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    The longer OAL is probably fine for most factory and military spec barrels and they comprise the majority of 1911 barrels in the world. But, you have a match grade barrel that has a tighter chamber, tighter throat and the rifling may start closer to the chamber. So, a slightly shorter OAL is needed to keep the bullet from wedging in the throat. Depending on just how tight the chamber happens to be, you may need to resort to the Lee Factory Crimp die to get the whole cartridge down in diameter.
     
  10. Steve Smith

    Steve Smith Moderator Emeritus

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    I echo Zak's ideas.
     
  11. Bronson7

    Bronson7 Member

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    Gary, what's your crimp diameter?
    Bronson7
     
  12. MoNsTeR

    MoNsTeR Member

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    Thing is, chambers differ. Loads that work fine in my Briley and my wife's Kimber won't chamber in her Ruger. Unless the load is near max, don't worry about reducing the OAL a smidge to get reliable chambering.
     
  13. Gary H

    Gary H Member

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    IMI Match
    Laser Cast 230 RN
    4.1gr Titegroup
    OAL: 1.260
    RCBS Carbide Dies
    Lee Factory Die..tightened 1/2 turn (.464)
     
  14. Bronson7

    Bronson7 Member

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    Gary, Just thinking out loud......... that seems to me to be way too much crimp. Could you be distorting your brass or the bullet just at the edge of the case mouth? With that much crimp, something has to move somewhere and I'm wondering if that small area of exposed "flatness" on your bullet is bulging out. Just some thoughts. Hope it helps.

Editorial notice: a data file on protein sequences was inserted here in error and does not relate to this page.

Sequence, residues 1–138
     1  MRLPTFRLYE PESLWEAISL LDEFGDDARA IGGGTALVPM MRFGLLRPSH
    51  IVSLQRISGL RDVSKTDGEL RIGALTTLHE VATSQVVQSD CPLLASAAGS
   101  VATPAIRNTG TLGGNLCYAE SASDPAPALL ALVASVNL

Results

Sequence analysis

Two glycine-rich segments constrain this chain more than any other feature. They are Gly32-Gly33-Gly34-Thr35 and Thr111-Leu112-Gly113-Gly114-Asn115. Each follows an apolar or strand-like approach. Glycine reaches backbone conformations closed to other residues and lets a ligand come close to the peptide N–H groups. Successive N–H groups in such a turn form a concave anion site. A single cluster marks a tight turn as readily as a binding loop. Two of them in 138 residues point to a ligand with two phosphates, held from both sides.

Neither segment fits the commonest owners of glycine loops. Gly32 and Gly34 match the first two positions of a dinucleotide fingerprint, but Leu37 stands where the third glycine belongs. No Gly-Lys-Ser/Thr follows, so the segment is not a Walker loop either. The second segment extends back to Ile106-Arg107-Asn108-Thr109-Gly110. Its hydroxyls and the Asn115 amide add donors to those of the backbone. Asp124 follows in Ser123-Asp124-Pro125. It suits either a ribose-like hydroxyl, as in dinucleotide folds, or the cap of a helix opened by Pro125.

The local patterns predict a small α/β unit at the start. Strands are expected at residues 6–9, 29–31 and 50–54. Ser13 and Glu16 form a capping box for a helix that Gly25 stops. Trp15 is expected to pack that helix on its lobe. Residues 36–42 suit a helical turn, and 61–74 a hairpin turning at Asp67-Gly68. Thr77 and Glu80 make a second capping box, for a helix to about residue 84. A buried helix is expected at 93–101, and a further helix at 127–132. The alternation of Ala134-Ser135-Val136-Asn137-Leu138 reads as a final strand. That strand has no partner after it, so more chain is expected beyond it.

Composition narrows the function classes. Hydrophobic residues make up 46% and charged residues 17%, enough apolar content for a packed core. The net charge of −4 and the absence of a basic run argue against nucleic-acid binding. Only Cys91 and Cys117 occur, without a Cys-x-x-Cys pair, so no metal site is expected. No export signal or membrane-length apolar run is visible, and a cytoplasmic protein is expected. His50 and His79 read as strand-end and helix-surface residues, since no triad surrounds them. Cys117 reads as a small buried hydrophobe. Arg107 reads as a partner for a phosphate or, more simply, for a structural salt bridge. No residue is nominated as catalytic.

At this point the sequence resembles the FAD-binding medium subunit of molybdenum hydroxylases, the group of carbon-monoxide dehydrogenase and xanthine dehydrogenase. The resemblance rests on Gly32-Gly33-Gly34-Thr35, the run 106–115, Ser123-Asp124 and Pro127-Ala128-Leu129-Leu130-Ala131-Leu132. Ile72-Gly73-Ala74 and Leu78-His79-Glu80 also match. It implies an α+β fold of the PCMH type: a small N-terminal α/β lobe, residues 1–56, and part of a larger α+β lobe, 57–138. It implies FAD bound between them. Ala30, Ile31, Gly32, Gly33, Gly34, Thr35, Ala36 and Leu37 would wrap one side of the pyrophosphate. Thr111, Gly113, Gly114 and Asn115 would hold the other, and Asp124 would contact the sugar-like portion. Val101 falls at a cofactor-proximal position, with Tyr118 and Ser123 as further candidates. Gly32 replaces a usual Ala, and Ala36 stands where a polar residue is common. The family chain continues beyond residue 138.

Bronson7
     
  15. Zak Smith

    Zak Smith Moderator Emeritus

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    As another data-point, with the West Coast bullets, I crimp them down to .462" with no bad effects so far.

    -z
     
  16. Gary H

    Gary H Member

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    Except that it will not fit into the max gauge..even before the final crimp. A bullet will pass through the max gauge prior to loading, so I must be distorting the bullet due to not enough belle.

    I increased the belle slightly and reduced the crimp and I need an OAL of 1.214 to get the resultant cartridge to fit in the Max Gauge...barely.
     
    Last edited: Sep 18, 2003
  17. mr. e

    mr. e Member

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    This sounds like a similar problem I had when I first started loading. It happened with lead bullets and sometimes with copper jacketed ones. The way I've solved the problem is to not try to seat the bullet and crimp the round at the same time. I first back off the crimping die and seat the bullet to the proper depth. Then I back off the seating die and crimp the case until it passes the gauge.

    I found that when I try to crimp and seat with lead in the same operation, I deform the bullet and it bulges out over the front of the case. When I try to do the same thing with copper, the case gets deformed. Either way, the resulting round gets stuck about the same place in the gauge, just before the base of the case seats in the gauge.